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Nigeria militants threaten new “oil war” if attacked


Mon Nov 10, 2008 5:26pm EST

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By Randy Fabi

ABUJA, Nov 10 (Reuters) – Nigeria’s most prominent militant group threatened on Monday to renew attacks on the oil sector if soldiers stormed its hideouts, but a military spokesman denied such plans.

The Movement for the Emancipation of the Niger Delta (MEND) said it believed the military was planning to launch an assault on two of its camps in Delta and Bayelsa states in southern Nigeria.

“This will be a big mistake as it will lead to another oil war where we are sure of a landslide victory,” it said in an e-mailed statement.

Lieutenant-Colonel Chris Musa, spokesman for the military task force in Bayelsa, denied any plan to attack militant camps.

“It is always a media war. They are just trying to hype the tension,” he said.

In September MEND staged what it called a six-day “oil war,” attacking oil installations and forcing Royal Dutch Shell (RDSa.L: QuoteProfile,ResearchStock Buzz) to warn it might not be able to meet all its export commitments from Nigeria.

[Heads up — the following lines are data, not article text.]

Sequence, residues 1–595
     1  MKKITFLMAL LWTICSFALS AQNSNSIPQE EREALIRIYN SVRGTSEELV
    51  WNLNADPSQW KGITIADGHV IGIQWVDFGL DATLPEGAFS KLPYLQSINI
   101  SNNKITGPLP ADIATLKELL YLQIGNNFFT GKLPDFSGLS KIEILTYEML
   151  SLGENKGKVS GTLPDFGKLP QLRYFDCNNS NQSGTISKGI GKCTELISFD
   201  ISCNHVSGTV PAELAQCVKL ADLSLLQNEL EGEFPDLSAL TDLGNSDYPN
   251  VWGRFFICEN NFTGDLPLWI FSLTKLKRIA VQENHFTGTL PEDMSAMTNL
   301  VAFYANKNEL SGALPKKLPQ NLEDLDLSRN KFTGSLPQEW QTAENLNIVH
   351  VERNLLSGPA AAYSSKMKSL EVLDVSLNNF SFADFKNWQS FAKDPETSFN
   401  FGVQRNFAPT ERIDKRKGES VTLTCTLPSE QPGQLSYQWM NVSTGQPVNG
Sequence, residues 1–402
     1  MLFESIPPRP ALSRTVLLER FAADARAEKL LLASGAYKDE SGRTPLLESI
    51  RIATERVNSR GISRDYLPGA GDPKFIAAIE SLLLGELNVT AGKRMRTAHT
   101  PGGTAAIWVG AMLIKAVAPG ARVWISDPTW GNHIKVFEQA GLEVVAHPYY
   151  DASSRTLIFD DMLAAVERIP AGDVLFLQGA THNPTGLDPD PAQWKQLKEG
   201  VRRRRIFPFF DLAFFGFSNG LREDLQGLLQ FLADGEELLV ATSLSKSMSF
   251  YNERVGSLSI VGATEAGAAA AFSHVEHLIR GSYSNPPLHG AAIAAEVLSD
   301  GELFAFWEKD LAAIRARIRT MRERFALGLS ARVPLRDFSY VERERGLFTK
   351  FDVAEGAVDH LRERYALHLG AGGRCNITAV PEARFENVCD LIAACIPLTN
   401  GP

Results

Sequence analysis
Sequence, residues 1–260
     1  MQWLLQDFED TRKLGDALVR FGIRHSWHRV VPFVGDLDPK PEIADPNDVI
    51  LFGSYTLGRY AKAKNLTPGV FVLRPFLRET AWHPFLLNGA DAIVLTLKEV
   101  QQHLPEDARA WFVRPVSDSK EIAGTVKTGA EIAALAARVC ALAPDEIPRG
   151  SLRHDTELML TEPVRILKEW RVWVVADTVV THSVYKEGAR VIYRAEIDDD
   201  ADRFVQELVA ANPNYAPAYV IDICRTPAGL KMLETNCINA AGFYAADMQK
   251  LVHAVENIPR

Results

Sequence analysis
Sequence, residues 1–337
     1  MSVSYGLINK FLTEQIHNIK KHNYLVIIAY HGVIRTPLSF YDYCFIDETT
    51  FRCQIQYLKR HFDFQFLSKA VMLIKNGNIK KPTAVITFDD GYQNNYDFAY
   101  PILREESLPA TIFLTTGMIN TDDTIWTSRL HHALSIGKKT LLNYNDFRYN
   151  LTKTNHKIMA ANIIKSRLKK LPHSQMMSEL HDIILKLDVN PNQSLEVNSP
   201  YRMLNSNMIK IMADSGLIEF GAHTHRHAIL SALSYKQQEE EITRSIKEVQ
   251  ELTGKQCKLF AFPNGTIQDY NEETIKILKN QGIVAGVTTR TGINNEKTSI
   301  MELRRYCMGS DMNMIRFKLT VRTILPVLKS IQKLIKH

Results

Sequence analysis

The group has since declared a ceasefire and repeatedly accused the military of trying to provoke it into confrontation.

Attacks by MEND have cut Nigeria’s oil output by around a fifth since early 2006. The country is currently pumping just under 2 million barrels per day, well below its capacity of around 3 million bpd, because of the insecurity and chronic funding shortfalls.

The militant group said on Sunday it would continue to hold two Britons hostage until the British government dropped plans to train Nigerian soldiers in the delta, the heart of the OPEC member’s oil sector.

The two captives were among 27 oil workers kidnapped by gunmen in early September.

At least 21 of the hostages have been released and MEND said it freed four others late on Sunday. But a military spokesman on Monday could not confirm the release of the four hostages. (Editing by Tim Pearce)



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